Image Source Tumblr: AngstFest

Zig-a-zig-ahhs! The Spice Girls (my ultimate girl crushes) recently released unheard songs that have been in the can since 1998. My 90s nostalgia can barely be contained, and I have the newly debuted songs playing on repeat (listen here!).

The Spice Girls were at the center of my musical focus during 1997 (I’m dating myself - I was in the third grade). I had requested the CD from my audiophile father, who was mystified by my fandom of the distinctly girly troop. The group was the most-slick pop package to be promoted since Madonna showed them the blueprint. For my young prepubescent self, the Spice Girls embodied a friendly, playful womanhood. The group’s songs were exuberant and immediately likable.

I grooved and bopped my way to elementary school each morning blaring “Spice Up Your Life,” on my portable cassette player. The Spice Girls were my jam, and ultimately led to my discovery of other pro-feminist, female artists like Le Tigre, Bikini Kill, Sleater-Kinney, and the RiotGrrrlmovement in general (Kathleen Hanna, I love you).

Let me be clear, the Spice Girls message of feminism is a conflicted one. The group has, and always will be, a sugary mix of vapid pop and inexhaustible cuteness. While I wouldn’t go so far as to tout the Spice Girls as promoting a feminist agenda, Baby, Scary, Sporty, Posh, and Ginger were all about “girl power,” and that’s a good thing.

With the release of the Spice Girls new tunes, I want to acknowledge the groups impact on my life. While the gang wasn’t even close to radical (except for that whole not bowing to the Queen thing), they did promote the idea that women’s femininity doesn’t exclude them from gender equity (a topic that has always been close to me - I am super femme).

So, “Wanna Be” an awesome Global Citizen? Take inspiration from the Spice Girls in honor of their newly released songs. It’s time to get your jelly shoes and crop tops out of the closet!

1. Let Love Lead the Way

video via youtube

Ever emphasizing the need for female strength and power, the Spice Girls cooed out “You may feel weak/but you are strong/don't you give up, girl!” It sounds corny, but sometimes, in my moments of self-doubt, I find encouragement in the soft, bubbly lyrics of my grade-school home girls.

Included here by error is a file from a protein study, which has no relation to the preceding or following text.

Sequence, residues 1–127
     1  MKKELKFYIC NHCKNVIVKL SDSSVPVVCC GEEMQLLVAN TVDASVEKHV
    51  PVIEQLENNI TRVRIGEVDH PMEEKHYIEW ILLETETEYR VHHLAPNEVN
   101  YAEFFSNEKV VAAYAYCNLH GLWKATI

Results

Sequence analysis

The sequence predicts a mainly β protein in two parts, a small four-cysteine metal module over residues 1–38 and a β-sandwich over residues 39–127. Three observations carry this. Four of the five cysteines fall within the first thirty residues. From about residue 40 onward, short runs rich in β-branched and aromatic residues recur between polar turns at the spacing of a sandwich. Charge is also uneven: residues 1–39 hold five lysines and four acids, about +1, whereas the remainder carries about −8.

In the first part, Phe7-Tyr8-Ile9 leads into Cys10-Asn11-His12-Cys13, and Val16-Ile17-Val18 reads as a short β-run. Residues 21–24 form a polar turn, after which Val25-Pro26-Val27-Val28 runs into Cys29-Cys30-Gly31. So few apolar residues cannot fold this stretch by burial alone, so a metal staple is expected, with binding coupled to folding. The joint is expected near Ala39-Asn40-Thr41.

2. Spice Up Your Life

video via youtube

With the earnestness of kittens, the Spice Girls belted out, “All you need is positivity/people of the world/spice up your life.” It’s a good mantra to have considering the gloomy news of the climate, disease, and education. In the moments when your optimism is falling, spice it up, and take heart in this peppy tune.

3. Say You’ll Be There

video via youtube

“Say You’ll Be There” tugs at my heartstrings every time I hear the soulful ballad. Admittedly, the song is written for a singular person, but I like to apply it to humanitarian work. In working together as global citizens to promote awareness of the SDGs and ending extreme poverty, coming together as one is critical. As the Spice Girls sweetly croon, “What I want from you a promise/you will be there.” Lets make a promise to a lifelong commitment to “being there” for bettering our collective, global future.

4. Girl Power

video via youtube

The Spice Girls brought the phrase “girl power to the masses," and British music across the pond to America (Ok, the Beatles did that first, but it had been a while). It can be argued that Baby, Scary, Sporty, Posh, and Ginger were marketing a “capitalist feminism” through the sales of CDs and paraphernalia, but despite the Spices’ commercial creation, the promotion of girl power is never a bad thing.

The vampy quintet epitomizes the commercial activism of the 90s that reigned over pop-music for the majority of the decade. The Spice Girls asked listeners to consider a call to female empowerment while wearing platform heels. Yes, the group turned girl power into a commodity, but I can honestly say the group helped to spark more nuanced feminist ideals in my adult life. As a little girl, I looked up to The Spice Girls for their promotion of individuality and self-love. The group’s campy play on gender in an era dominated by boy bands (heyyyyyy, JT!) gave young women like me (imperfect) role models to begin thinking about gender, sexuality, and women’s role in music. In celebration of the Spice Girls’ new release, strike a pose and send it to ShowYourSelfie to make sure all young girls get a chance to grow up with true girl power.


Kathleen Ebbitt



Demand Equity

How the Spice Girls Made Me A Better Global Citizen

By Former Global Citizen Staff Writer